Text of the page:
Because of the way Bob selected and framed the quote from our minister’s letter, our questioning of such an apparently innocent inquirer would indeed seem to carry an “elitist attitude.” What Bob does not say—but what he knew very well because he had in his possession the document that gives the complete story—is that the “innocent” lady in question was someone from a theological background noted for persecuting Anabaptists, such as ourselves, during the Reformation and which still harbors sharp doctrinal disagreements with our beliefs. More importantly, for these same theological reasons, she had orchestrated a secret investigation of us which culminated in her attempting to blacklist us from Christian book distributors, home-schooling magazines and numerous home-school book fairs, all before we even knew fully what she was doing. Again, Bob said nothing in his letter of this open hostility the woman had already exhibited toward our community. Bob wanted people to believe that we dealt brusquely and condescendingly toward even “mild-mannered,” innocent inquirers, cutting them off from any real information, because we feared they might then discover our “inner secrets.” He, therefore, had to omit this open hostility for his accusations against us to carry any weight.
In fact, at the time of our letter to her, from which Bob pulled his own further carefully edited excerpts, we knew that, from the perspective of her hyper five-point Calvinism, she not only had sharp and, to us, seemingly irreconcilable problems with our beliefs but also even had, in direct conversation with one of our members, openly expressed hostility toward us. Our letter to her, which Bob drastically and unscrupulously edited, mentions some of this: so, again, Bob was fully aware of her hostility.
But now let us go back to the letter we have quoted above, in which Bob attempted to prove to Christianity Today our “elitist” attitude. Again, this letter is not Bob’s most egregious falsifying of our beliefs and practices. But we focus here on this letter because it is documented evidence of his lack of integrity. Notice he places an ellipsis midway through the passage he has selected from our own letter: “their hearts were not ready for its obligations . . . Since our material builds line upon line” and so on. We received Bob’s letter, in full, from a very close friend of his. There is no doubt Bob himself placed the ellipsis where he did. Remember that Bob, unlike his readers (and Hannaford), had in his possession our entire letter to this woman. So what he, by this ellipsis, left out of our letter, he left out deliberately. Here is what he chose to omit from the middle of his quote of our letter, distorting the whole context:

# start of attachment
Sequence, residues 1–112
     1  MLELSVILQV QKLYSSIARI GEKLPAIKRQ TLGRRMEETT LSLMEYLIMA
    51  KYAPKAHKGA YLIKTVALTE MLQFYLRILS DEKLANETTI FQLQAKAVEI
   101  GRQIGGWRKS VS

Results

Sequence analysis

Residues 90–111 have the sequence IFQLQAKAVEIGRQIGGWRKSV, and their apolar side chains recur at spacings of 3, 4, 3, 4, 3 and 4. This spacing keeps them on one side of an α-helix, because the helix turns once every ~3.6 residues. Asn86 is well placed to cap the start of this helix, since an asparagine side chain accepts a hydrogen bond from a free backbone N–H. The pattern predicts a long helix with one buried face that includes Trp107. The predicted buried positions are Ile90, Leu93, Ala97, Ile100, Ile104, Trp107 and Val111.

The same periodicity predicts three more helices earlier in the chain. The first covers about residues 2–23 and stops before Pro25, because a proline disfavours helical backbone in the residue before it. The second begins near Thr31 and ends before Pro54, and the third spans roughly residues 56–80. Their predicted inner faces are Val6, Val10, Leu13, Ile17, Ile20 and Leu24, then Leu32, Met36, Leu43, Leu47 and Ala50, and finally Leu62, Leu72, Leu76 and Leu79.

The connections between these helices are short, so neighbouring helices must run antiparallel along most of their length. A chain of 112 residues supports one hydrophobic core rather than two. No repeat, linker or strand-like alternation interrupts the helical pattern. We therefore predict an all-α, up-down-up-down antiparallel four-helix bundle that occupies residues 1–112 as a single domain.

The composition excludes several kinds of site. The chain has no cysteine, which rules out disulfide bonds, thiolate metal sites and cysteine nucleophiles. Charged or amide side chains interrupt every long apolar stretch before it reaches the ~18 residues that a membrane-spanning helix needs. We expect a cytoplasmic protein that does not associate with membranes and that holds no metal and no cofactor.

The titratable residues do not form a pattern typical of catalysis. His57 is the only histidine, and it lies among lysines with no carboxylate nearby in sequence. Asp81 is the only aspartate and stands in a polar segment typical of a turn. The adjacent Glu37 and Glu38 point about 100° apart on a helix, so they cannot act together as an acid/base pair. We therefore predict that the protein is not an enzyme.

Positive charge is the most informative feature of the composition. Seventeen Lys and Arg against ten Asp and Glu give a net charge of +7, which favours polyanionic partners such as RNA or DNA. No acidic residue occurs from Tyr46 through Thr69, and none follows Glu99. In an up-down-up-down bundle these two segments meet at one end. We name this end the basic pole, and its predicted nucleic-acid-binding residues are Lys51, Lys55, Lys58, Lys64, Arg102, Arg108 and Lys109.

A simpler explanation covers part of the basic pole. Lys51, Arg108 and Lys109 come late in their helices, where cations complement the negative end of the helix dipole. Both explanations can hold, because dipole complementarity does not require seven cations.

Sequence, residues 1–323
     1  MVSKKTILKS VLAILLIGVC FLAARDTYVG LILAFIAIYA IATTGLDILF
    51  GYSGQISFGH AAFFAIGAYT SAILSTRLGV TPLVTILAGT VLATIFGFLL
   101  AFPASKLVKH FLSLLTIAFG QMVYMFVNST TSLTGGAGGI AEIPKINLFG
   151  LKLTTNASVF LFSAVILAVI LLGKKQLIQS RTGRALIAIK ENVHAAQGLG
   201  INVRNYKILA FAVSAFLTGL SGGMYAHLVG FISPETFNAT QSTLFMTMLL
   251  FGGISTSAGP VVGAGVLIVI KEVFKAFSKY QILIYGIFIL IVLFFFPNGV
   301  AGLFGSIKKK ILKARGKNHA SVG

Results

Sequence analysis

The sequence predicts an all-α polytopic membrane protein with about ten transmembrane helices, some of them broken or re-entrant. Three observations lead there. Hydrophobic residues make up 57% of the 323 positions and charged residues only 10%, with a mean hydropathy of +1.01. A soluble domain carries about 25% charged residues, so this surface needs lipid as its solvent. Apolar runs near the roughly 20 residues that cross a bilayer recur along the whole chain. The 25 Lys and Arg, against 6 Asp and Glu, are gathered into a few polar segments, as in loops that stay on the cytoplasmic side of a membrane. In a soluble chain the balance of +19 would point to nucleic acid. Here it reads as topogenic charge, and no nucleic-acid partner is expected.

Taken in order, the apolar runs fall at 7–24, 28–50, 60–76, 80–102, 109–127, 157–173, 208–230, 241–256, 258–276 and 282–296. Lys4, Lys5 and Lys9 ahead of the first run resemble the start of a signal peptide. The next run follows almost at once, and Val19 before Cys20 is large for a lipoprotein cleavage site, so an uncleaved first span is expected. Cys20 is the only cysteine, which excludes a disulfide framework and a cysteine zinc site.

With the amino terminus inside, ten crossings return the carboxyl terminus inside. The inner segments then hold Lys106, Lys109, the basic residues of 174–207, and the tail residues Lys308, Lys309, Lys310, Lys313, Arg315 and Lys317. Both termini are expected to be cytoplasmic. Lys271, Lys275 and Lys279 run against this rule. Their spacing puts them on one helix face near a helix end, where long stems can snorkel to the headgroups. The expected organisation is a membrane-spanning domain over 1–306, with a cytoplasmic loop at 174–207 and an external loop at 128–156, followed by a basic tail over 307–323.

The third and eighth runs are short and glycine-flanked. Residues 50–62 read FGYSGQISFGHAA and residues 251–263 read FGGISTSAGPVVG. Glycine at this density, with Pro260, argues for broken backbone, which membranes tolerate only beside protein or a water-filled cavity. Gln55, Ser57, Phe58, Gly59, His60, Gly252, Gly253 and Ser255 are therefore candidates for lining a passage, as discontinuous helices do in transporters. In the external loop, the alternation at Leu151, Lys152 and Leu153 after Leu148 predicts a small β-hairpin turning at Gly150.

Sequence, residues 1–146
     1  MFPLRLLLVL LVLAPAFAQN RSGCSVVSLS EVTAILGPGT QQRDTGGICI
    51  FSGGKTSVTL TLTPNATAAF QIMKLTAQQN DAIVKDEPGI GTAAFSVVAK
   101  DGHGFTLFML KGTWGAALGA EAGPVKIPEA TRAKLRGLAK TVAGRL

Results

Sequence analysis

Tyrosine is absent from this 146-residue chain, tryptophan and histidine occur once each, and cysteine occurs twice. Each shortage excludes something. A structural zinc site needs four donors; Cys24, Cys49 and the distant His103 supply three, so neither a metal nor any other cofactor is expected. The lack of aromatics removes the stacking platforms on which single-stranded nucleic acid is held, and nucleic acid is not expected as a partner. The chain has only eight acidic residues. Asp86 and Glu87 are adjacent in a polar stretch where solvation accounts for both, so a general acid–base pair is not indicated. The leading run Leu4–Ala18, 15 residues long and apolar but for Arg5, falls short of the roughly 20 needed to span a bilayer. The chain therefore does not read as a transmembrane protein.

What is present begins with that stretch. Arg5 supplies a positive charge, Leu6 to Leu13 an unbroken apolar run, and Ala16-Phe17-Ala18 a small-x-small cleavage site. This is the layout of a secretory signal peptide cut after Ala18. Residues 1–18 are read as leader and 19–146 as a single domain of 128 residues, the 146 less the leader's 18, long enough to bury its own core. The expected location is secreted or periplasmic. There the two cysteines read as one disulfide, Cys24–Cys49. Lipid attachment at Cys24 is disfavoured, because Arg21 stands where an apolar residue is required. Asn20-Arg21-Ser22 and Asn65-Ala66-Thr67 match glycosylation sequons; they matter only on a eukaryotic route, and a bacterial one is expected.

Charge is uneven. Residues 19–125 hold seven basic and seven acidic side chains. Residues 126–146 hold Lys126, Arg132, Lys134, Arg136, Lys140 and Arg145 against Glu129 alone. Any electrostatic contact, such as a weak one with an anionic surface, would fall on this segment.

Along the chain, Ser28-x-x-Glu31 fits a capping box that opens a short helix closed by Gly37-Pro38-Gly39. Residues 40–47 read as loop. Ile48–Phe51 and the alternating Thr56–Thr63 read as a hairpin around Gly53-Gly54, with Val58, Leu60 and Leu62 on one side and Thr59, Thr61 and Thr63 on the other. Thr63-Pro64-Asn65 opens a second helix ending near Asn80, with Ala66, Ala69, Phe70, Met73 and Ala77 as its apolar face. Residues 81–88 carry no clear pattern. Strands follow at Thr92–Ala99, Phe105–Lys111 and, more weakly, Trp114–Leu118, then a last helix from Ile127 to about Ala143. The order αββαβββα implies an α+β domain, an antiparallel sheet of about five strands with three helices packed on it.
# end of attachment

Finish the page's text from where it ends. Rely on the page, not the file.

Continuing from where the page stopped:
We very much want to avoid anyone becoming guilty of rejecting God’s truth simply because they were not ready for its obligations. For this reason, we do not want to force our beliefs on anyone but want to share them only when the person feels God is telling them to genuinely investigate them.
In view of this, would you be open to discussing the materials we have already made available to you (Wisdom’s Children, Garden of God, and Covenant Love)? If the answer is “Yes,” then perhaps we could begin to communicate with one another to discuss the differences that the literature has raised. Perhaps you would be willing to tell us your objections to what you already have read. Since our material builds line upon line . . . .
In short, what Bob deliberately left out reveals much about both his intentions and integrity (as well as ours). It should be obvious that we were not slamming the door shut in a spirit of “elitist arrogance.” Rather, we were obviously attempting to dialogue with someone who was openly hostile toward us and, by her own admission and actions, trying to destroy our ministry. It was a difficult situation for us. We were very much trying to be Christian in attitude, not “elitist.” The point here, however, is that Bob had this entire letter. So why, then, did he edit it the way he did?—Only to prejudice people against us and keep them in the dark in regard to our real, and even worthy, intentions. His testimony to Hannaford, which, of course, Hannaford was all too eager to receive, is likewise simply untrustworthy. Bob will, as necessary, cut and paste reality to get the narrative to his liking, all in order to get back at us, whom he once loved.